‘Overwhelmed Overnight’

Local Explosion Of Designer Drugs Takes Heavy Toll Before Being Quelled

Posted: February 16, 2013

Ashley Whitmer (left) gets advice from physical therapist Sarah Fagan during a rehab session Thursday afternoon at the RMH Wellness Center. Whitmer was involved in a near-fatal auto accident early last year when she was high on bath salts. Now she wants to see an end to designer drugs: “I don’t want another family to go through what my family has gone through.” (Photos by Michael Reilly)
Ashley Whitmer works out on a rowing machine during a rehab session Thursday at the RMH Wellness Center. She is recovering from an auto accident early last year that occurred when she was high on bath salts.
Ashley Whitmer heads for the massage table Thursday during a rehab session at the RMH Wellness Center.
Ashley gets a massage from physical therapist Sarah Fagan at the wellness center.
HARRISONBURG — In early 2012, Ashley Whitmer received her first dose of bath salts from a friend.

By the end of May, the 2007 Turner Ashby High School graduate was at the University of Virginia Medical Center in Charlottesville clinging to life.

Police say the 24-year-old was high on bath salts, a synthetic drug, when she slammed her car into the Cargill plant in Dayton the night of May 25. Investigators allege that she, along with countless others in the area, obtained the drugs from Pamela’s Secrets, an adult shop operating at 3051 S. Main St. in Harrisonburg.

Whitmer, who last week took her first steps on her own since the wreck, paid a painful price for her use of bath salts — which for some users produces an amphetaminelike high similar to cocaine or speed.

Police say that the use of bath salts and other synthetic drugs spiked in the Shenandoah Valley in 2012.

Whitmer wants to see an end to designer drug usage.

“I don’t want another family to go through what my family has gone through,” she said.

Bath salts aren’t new to Harrisonburg, but usage in the central Valley rose drastically in 2012, police say.

“All of a sudden, we got overwhelmed overnight,” said Special Agent Mark Campbell of the Virginia State Police, and coordinator of the RUSH Drug Task Force, a special unit composed of officers from the state police, the Harrisonburg Police Department and Rockingham County Sheriff’s Office.

In 2011, RUSH seized 761 grams of bath salts. Last year, the task force seized 1,463 grams of the drug, according to statistics recently released by the agency.

During 2012, the task force led a series of raids at gas stations and convenience stores, as well as at Pamela’s Secrets on April 30 and then again on May 26. Since those two raids, Pamela’s Secrets was closed by court order after the Rockingham Commonwealth’s Attorney’s Office successfully argued it was a public nuisance.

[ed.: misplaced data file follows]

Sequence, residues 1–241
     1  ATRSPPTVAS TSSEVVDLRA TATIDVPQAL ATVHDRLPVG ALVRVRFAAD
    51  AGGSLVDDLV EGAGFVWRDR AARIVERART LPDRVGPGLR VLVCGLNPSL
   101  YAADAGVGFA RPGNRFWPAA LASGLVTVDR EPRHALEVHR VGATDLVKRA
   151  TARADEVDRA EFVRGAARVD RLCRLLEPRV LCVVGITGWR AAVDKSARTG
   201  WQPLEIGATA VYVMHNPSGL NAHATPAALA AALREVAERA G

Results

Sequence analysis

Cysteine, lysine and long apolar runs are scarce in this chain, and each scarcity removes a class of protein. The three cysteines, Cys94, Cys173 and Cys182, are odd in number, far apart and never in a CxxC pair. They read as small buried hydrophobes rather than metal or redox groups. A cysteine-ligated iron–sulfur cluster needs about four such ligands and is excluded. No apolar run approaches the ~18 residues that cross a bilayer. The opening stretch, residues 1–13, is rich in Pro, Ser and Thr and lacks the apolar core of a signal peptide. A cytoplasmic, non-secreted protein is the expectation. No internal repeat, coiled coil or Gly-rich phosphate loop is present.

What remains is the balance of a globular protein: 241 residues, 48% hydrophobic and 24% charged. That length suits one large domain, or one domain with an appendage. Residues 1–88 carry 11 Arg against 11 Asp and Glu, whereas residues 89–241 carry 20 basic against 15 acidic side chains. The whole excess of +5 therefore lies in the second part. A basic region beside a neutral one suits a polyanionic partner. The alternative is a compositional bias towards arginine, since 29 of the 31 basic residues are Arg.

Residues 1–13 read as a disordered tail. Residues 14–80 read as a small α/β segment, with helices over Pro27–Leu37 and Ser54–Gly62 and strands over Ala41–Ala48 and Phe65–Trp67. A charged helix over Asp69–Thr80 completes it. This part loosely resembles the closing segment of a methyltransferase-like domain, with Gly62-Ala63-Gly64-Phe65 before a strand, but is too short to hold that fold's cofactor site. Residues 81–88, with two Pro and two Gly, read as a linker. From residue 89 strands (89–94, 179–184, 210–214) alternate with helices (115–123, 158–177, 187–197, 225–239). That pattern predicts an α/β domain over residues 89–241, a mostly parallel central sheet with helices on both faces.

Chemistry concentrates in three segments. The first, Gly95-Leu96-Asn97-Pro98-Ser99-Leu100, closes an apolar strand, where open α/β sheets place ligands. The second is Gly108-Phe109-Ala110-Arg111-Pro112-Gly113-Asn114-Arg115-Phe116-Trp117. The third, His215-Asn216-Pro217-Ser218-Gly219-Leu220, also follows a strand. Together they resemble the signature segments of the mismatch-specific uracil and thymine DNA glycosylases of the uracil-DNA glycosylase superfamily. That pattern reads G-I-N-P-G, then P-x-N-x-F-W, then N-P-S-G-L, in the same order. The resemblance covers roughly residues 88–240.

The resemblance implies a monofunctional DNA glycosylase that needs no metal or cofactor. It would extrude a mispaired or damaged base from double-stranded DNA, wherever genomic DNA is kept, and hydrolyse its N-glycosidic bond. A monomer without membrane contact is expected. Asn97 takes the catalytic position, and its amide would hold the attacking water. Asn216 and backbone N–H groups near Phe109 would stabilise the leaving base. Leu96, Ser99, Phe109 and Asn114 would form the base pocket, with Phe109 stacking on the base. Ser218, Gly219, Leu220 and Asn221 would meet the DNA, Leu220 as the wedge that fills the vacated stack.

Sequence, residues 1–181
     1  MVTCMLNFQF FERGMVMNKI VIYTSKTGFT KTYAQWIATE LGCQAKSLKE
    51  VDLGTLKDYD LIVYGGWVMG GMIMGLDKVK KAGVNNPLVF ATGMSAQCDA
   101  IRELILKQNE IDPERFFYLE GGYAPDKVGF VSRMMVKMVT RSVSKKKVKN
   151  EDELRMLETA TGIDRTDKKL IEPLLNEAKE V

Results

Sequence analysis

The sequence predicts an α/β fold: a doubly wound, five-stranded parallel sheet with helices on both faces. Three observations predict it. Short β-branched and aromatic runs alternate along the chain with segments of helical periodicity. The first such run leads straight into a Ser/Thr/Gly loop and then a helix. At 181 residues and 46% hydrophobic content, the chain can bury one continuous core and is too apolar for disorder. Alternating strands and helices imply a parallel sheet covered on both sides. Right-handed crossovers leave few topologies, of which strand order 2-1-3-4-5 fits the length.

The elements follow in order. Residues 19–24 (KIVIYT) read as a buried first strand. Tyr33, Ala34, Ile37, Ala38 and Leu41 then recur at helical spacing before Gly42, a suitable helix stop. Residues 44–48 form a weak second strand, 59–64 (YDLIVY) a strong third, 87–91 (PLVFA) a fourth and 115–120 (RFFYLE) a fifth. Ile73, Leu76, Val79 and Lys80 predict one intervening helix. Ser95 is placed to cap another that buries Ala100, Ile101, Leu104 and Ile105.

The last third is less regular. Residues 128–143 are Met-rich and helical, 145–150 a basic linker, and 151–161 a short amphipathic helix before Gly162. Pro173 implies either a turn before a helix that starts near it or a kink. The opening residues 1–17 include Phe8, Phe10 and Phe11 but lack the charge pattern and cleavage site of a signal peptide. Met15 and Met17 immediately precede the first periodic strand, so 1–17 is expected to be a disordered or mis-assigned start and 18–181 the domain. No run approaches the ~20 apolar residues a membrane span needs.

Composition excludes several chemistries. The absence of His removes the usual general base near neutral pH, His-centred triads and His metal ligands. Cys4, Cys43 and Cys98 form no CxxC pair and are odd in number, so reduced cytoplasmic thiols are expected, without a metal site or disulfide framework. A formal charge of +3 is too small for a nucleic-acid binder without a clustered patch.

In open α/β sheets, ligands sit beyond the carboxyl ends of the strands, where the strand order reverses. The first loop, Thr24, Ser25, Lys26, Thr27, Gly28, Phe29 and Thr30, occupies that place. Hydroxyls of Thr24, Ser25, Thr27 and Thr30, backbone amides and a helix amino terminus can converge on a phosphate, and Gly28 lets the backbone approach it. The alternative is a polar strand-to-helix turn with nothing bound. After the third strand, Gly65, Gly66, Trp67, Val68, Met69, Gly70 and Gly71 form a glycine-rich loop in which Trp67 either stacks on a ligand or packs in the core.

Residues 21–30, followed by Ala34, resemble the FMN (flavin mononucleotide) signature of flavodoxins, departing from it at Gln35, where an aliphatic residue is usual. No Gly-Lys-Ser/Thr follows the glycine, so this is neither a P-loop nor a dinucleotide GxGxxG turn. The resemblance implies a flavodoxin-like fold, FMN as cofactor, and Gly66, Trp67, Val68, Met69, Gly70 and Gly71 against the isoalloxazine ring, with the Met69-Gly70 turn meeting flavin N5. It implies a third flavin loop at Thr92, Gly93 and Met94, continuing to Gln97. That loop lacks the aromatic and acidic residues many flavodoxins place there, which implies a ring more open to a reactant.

The store’s owner, Augustus George Julias II, 48, and two employees are facing federal drug distribution charges, and are scheduled for trial in April in U.S. District Court in Harrisonburg.

Campbell said the aggressive raids, combined with media attention and expanding state and federal laws that banned certain chemicals used to make the drug, have had an effect. The use and distribution of the drug appear to be on the way down, he said.

“They got the message,” he said, adding that there are fewer instances now, mainly from people purchasing the drugs online.

The Recovery

Whitmer’s mother, Tammy Whitmer, hopes people selling bath salts did get the message.

“I had both of my kids on it last year at the same time,” she said. “Both kids were just out of control. You couldn’t do anything with either of them. The only thing they concentrated on was the drug.”

Whitmer watched her daughter spiral out of control until she literally crashed into a wall last spring. In the crash, Ashley Whitmer suffered three broken ribs, a collapsed lung, fractures in her neck and back and a cracked skull.

“She had so much brain pressure, they had to remove both sides of the skull,” said the mother. “[Doctors] asked me to unplug Ashley. There was so much brain damage that they said she wouldn’t survive without the ventilator.”
Her mother refused.

She said with a lot of prayers from countless local churches her daughter made progress.

At the end of July, Ashley Whitmer was transferred to a rehabilitation center in Charlottesville. On Aug. 31, she was able to return to her Ottobine home.

Now, she attends physical therapy sessions at the RMH Wellness Center in Harrisonburg to continue to work on walking.

Last week, her mother saw something she thought she’d never see again.

“We heard her scream,” Tammy Whitmer said. “We headed outside to see her walking up the dirt road …  no crutches. It was the first time since the crash.”

She hopes her daughter’s story serves as an example to others using the drug. Everyone who uses it, she said, is taking a huge risk.

“You don’t know what the chemists have put in it,” Whitmer said.

Contact Pete DeLea at 574-6278 or pdelea@dnronline.com

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